It seems wor Daryl may have given up on those in front of him, with another alarming statistic that he is now our top scorer outright this season, having notched in similar fashion against Northampton in the cup.

With Newcastle still exerting pressure, a promising attack was cleared to Haidara 30 yards or so out. I can only assume that the collection of thickies, dumbnuts and porridge heids that regularly yelled ‘shoot’ to prompt Cheick Tiote to launch a scud missile appallingly wide of the target, were responsible for the same shout here.

Young Massadio was naive enough to acquiesce to this request, and wasted an opportunity to play in one of his better placed and more likely colleagues, pretty much all of whom were in front of him.

newcastle united

This dreadful waste seemed to end our mini spell of impetus, and the remainder of the game petered out as Watford employed stifling tactics, including well spaced substitutions and horrific time-wasting by Gomes at goal kicks.

The match ended to a chorus of mass disapproval. This raises many questions about how exactly things can be put right, as new management and new blood has not eradicated the same old problems of the past two seasons.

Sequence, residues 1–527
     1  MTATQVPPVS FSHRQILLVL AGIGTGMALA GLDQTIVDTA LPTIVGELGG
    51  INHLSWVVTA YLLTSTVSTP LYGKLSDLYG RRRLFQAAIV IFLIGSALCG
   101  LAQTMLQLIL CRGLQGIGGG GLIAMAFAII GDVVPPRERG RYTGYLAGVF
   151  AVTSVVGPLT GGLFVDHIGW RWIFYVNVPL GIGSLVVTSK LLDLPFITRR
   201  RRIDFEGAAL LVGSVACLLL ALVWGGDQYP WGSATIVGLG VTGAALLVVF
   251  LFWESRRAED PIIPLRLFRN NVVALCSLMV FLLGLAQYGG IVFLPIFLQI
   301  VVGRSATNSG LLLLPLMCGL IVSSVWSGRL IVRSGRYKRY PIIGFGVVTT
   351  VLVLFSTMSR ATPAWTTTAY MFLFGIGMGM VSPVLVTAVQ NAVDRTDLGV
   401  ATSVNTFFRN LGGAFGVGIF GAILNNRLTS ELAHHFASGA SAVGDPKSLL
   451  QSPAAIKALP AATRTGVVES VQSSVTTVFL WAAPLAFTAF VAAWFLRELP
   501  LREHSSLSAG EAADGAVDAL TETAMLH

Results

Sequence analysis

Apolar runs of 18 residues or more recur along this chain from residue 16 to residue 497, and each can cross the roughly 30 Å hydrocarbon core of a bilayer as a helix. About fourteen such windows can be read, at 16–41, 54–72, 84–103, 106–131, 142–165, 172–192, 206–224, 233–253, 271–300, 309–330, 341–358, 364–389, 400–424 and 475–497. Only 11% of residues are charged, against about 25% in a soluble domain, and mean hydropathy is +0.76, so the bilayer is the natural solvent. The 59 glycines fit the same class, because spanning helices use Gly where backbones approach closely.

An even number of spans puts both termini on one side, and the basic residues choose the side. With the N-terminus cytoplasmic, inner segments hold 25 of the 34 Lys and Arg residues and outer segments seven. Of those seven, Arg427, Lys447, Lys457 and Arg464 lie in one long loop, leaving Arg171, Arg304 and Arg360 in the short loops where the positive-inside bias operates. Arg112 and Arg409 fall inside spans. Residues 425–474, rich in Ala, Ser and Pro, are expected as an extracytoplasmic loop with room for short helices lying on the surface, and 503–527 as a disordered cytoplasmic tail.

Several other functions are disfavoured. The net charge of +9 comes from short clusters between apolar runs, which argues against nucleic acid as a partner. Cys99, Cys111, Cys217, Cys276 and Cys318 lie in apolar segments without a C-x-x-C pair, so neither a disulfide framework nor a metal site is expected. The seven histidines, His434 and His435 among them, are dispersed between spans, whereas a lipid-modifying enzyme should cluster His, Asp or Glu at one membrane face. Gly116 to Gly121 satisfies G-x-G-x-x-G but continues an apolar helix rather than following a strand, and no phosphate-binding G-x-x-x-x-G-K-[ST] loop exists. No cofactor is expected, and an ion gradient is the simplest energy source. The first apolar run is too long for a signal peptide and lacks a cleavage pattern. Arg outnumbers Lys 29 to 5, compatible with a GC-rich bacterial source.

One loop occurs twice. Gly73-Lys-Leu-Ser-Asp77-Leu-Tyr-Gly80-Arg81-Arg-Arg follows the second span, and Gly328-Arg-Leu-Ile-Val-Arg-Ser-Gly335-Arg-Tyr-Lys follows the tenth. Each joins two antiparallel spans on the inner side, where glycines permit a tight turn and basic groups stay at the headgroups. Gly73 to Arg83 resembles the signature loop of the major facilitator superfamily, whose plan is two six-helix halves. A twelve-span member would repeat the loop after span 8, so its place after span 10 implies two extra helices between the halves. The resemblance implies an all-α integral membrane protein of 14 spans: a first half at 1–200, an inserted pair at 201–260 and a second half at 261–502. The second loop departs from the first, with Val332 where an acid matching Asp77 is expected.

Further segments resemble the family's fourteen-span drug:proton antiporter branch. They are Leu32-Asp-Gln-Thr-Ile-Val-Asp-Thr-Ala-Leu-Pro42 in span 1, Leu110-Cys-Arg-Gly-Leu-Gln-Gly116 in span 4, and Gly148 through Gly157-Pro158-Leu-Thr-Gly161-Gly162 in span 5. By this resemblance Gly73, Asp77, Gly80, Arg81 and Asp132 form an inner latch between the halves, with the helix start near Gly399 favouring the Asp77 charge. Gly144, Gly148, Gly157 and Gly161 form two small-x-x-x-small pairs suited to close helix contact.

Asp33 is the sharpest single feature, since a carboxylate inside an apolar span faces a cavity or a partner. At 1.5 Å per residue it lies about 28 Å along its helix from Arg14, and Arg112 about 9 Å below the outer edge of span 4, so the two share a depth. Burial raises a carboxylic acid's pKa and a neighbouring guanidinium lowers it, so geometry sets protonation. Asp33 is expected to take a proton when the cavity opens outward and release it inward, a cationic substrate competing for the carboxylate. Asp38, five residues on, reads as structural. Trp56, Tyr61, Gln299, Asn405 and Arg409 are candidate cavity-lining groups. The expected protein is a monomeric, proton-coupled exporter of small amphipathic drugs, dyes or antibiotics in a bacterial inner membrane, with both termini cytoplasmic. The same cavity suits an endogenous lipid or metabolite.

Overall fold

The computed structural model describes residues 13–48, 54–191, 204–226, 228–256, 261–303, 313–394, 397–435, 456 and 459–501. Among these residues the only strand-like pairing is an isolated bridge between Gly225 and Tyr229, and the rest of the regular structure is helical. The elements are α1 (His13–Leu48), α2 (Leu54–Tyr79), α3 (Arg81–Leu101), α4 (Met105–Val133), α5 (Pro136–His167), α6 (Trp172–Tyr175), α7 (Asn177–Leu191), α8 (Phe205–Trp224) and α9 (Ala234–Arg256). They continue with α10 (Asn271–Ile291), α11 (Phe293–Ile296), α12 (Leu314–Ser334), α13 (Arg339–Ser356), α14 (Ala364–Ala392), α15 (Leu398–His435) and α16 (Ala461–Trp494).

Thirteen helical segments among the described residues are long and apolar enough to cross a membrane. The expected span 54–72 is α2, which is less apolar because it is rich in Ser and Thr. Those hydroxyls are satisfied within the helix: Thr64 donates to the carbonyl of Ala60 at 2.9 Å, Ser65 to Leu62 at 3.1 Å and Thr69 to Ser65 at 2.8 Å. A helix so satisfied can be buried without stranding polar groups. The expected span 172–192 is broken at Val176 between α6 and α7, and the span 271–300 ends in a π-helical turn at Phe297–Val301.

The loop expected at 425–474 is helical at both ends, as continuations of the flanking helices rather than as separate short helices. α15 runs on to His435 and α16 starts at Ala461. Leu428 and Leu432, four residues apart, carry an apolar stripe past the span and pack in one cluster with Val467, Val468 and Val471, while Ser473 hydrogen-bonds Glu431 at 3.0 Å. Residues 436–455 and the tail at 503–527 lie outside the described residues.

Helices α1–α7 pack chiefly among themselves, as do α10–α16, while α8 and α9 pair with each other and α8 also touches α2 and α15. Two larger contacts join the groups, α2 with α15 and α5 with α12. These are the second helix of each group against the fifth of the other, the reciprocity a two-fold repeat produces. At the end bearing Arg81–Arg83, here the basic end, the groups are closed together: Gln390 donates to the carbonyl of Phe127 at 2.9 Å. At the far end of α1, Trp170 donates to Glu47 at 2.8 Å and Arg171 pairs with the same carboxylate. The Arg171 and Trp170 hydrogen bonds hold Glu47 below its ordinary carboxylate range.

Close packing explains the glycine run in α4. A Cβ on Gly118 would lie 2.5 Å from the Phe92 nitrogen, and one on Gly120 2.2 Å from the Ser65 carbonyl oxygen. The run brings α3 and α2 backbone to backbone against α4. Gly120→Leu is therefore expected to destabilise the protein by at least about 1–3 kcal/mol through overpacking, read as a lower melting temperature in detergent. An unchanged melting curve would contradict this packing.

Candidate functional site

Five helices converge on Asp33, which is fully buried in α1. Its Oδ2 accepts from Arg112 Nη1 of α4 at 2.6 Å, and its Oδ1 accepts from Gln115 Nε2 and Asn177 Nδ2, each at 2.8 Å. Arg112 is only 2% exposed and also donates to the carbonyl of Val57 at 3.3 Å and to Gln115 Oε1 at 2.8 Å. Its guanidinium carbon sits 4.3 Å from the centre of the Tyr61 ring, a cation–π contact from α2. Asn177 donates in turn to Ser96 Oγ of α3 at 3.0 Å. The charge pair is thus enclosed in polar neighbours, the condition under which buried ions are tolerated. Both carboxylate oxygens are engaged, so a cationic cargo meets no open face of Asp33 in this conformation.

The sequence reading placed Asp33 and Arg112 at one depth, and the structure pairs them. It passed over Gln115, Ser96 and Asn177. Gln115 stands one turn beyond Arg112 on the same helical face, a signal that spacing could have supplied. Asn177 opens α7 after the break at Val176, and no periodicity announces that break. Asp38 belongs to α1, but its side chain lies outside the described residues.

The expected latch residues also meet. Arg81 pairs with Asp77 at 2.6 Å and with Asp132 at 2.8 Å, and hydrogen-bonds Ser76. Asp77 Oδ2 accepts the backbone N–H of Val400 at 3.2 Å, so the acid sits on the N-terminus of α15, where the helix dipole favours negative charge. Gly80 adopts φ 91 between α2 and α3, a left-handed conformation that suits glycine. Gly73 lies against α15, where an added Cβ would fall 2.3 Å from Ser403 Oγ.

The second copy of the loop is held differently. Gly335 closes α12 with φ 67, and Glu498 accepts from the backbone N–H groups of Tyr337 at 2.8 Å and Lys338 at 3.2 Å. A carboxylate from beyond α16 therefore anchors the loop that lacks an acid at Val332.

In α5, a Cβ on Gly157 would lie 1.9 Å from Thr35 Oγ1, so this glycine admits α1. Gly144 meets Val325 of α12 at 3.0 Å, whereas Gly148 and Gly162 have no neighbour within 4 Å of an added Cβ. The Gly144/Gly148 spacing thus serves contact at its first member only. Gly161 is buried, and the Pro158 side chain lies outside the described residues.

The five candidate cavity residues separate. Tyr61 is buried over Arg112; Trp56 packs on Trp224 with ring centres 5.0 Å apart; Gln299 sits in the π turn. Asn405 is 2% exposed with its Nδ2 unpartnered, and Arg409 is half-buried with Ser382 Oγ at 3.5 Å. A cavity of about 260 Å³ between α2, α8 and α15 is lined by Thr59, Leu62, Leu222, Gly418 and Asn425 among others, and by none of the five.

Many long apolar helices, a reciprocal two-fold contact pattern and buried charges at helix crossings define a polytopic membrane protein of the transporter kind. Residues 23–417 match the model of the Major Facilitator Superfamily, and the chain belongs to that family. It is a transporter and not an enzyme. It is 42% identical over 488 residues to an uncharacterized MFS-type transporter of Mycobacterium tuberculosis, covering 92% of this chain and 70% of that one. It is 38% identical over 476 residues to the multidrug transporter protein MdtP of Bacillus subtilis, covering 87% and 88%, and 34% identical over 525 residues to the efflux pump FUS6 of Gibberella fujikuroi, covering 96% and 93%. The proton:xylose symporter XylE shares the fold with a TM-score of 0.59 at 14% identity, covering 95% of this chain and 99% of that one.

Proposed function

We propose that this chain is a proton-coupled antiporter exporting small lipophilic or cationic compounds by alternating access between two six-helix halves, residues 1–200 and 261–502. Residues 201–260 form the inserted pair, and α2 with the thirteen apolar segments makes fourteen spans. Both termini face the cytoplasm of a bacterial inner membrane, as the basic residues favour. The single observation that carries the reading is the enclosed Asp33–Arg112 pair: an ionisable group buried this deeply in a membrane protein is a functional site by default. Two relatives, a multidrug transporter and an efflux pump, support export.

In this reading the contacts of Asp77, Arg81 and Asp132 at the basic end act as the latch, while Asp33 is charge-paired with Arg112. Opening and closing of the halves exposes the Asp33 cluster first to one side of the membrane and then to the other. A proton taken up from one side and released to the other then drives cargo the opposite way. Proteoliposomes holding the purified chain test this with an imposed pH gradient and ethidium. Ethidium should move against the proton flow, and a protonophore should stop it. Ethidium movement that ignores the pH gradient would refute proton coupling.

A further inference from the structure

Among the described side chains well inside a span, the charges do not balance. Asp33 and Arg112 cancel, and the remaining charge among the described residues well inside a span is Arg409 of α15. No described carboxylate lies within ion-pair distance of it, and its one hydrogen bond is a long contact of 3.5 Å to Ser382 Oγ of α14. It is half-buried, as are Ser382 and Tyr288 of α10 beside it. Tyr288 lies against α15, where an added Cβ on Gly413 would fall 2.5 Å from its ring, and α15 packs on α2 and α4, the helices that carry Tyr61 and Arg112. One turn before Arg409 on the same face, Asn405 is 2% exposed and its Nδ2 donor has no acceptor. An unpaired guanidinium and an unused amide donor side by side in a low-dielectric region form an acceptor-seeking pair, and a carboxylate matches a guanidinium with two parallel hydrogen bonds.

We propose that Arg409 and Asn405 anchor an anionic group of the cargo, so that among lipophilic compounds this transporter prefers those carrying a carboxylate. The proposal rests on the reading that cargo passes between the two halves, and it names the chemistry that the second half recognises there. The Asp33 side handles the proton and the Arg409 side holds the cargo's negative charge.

The fact that Chelsea and Manchester City are up next suggests that immediate recovery is not on the cards and the noises coming out of McLaren, would indicate he isn’t even sure what the hell he can do with this situation.

The fact that Janmaat’s strike proved enough to lift us off the bottom due to the mackems being even worse at Bournemouth, is laughable to pitch as a consolation. The analogy of the Tyne-Wear rivalry resembling two bald men fighting over a comb never rang so true.

Having said that, it seems highly possible that we will once again be reliant on the incompetence of others to retain our Premier League status, as the question of whether we can reach the lofty heights of fourth worst has replaced any pondering a of European contention or cup likelihood.

If anything, the upcoming game with Sheffield Wednesday is starting to resemble the needless distraction the board has previously spun it as, not the glorious opportunity for belated redemption it has recently been pitched as.

With this must-win game miserably lost, there is a hell of a job on.

The majority of lingering optimism died today and the road ahead looks worryingly familiar.

These are the key stats as provided by BBC Sport;

Possession was 58% Newcastle and 42% Watford

Total shots was 15 for Newcastle and Watford 13

Shots on target was Newcastle 5 and Watford 4

While corners was Newcastle 5 and Watford 5

Player ratings totals below from fans so far, add yours and then press submit, click HERE to see fan ratings so far.

Team: Krul, Janmaat, Coloccini, Mbemba, Haidara (Aarons 80), Anita, Colback, Sissoko, Wijnaldum, Thauvin (Obertan 88), Perez, Cisse (46 Perez)

Unused Subs: Elliot, Lascelles, Williamson, Lascelles

Ref: Roger East

Crowd: 47,806